Bush had a long way to fall. His late February, 1991, rating of 89% -- the result of the Allied victory in the Persian Gulf War -- remains the highest ever recorded by Gallup polling dating back to the days of Franklin Roosevelt. Bush, in fact, enjoyed such high public esteem that he was thought to be undefeatable in his bid for re-election in 1992. By the fall of 1991, however, Bush began to fall victim to continuing public perceptions of a weak U.S. economy, and by December he had a rating of only 50%. By the summer of 1992, his job approval sunk as low as 29%, a crash of 60 percentage points in a period of 16 months.

Like Bush, Jimmy Carter was beset not by scandal but by a weak economy, and an international crisis which dominated his last year in office. Carter's job approval rating, limping along as low as 31% in October 1979, benefited from a classic "rally" effect after the American hostages were taken in Iran by supporters of the Ayatollah Khomeini. In January 1980, Carter's job approval rose to 58%. Over the next several months, however, Carter was unsuccessful in negotiating a release of the hostages, and by late June, his approval rating had fallen 27 points, to 31%. The following November, Carter was defeated for re-election by Ronald Reagan.

Potential for Change in Clinton Job Approval Ratings
How optimistic should the White House be, given that Bill Clinton's current job approval rating of 69% is the highest of his administration, roughly as high as any rating received by either Ronald Reagan or Jimmy Carter throughout their entire administrations? The example of Watergate shows how a scandal can ultimately have a devastating effect -- even if its impact is not immediate. Additionally, if military action should occur in Iraq, the Nixon, Carter and Bush years show how this type of international event can provide a short-term boost, but ultimately not a lasting one. At the same time, despite the immediate negative impact of Iran-Contra on Ronald Reagan, it is important to remember that this scandal did not force him from office. In addition, his job approval ratings recovered to 63% by late 1988, and a recent retrospective approval rating on Reagan was 69%. Perhaps all that can be said with certainty as the current White House crisis continues to unfold is that the potential for significant changes in Clinton job approval is as ever-present as the polls which measure it.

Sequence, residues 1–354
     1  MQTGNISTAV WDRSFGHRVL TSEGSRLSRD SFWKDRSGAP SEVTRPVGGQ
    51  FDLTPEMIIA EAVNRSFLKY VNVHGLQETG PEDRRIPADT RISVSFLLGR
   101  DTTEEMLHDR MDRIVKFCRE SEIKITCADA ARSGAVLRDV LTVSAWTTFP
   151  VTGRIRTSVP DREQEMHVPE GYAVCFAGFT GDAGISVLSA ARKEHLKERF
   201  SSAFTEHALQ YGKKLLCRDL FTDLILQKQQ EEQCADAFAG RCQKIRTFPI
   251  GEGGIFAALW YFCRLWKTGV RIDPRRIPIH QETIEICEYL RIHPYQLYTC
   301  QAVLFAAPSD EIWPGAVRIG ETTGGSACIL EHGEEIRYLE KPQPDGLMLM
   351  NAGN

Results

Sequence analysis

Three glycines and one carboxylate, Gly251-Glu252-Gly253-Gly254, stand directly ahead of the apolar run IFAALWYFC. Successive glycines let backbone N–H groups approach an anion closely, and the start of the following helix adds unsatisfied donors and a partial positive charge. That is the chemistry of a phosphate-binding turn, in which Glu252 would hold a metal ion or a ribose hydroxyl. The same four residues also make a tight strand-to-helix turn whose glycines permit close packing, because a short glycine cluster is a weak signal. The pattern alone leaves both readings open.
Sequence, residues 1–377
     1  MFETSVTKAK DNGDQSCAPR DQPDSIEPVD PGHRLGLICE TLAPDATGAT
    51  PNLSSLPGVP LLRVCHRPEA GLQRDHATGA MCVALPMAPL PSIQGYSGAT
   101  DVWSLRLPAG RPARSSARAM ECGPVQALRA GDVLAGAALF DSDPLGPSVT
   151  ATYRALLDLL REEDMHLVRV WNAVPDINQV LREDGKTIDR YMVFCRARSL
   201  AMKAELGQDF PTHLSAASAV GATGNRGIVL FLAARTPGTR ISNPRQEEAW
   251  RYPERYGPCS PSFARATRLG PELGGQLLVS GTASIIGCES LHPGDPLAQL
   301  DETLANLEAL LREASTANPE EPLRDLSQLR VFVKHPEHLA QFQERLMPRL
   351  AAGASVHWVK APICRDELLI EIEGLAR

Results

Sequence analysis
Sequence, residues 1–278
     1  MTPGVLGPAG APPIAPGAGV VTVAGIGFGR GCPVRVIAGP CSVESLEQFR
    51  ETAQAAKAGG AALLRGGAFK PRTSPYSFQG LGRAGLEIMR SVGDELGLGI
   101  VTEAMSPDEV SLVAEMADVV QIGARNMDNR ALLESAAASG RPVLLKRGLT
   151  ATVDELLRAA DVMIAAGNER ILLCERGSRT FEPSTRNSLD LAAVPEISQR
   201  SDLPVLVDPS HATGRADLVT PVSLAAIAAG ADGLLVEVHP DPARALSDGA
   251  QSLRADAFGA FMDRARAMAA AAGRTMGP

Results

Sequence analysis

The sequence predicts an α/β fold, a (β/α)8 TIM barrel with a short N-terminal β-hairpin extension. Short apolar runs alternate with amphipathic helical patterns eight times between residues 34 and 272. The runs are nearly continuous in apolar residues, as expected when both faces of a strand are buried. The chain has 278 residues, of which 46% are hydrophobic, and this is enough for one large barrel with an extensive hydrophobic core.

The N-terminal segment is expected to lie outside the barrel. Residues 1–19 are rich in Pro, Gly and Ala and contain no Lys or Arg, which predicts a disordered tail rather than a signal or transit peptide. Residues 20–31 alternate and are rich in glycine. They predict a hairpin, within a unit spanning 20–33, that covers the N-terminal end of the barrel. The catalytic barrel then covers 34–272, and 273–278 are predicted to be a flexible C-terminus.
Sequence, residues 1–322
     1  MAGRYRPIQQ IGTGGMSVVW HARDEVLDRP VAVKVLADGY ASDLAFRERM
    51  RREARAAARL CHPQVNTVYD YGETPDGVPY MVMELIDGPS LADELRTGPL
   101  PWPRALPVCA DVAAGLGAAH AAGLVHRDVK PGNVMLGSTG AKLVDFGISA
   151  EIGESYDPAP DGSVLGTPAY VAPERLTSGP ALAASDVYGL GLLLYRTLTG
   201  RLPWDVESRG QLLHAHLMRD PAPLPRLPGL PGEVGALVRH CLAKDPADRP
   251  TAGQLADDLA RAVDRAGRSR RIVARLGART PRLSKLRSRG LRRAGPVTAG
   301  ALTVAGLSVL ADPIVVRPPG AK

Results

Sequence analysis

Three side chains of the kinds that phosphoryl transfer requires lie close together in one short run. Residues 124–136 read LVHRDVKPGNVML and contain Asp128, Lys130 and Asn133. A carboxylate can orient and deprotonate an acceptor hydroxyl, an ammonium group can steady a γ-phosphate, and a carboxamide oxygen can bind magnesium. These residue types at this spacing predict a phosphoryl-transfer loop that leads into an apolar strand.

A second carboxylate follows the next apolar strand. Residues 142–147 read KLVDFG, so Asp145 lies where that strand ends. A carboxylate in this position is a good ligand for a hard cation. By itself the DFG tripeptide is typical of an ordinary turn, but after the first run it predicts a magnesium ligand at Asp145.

President Clinton's current job approval ratings are based on telephone interviews with a randomly selected national sample of 1,013 adults, 18 years and older, conducted January 30 through February 1, 1998. For results based on samples of this size, one can say with 95 percent confidence that the error attributable to sampling and other random effects could be plus or minus 3 percentage points. In addition to sampling error, question wording and practical difficulties in conducting surveys can introduce error or bias into the findings of public opinion polls.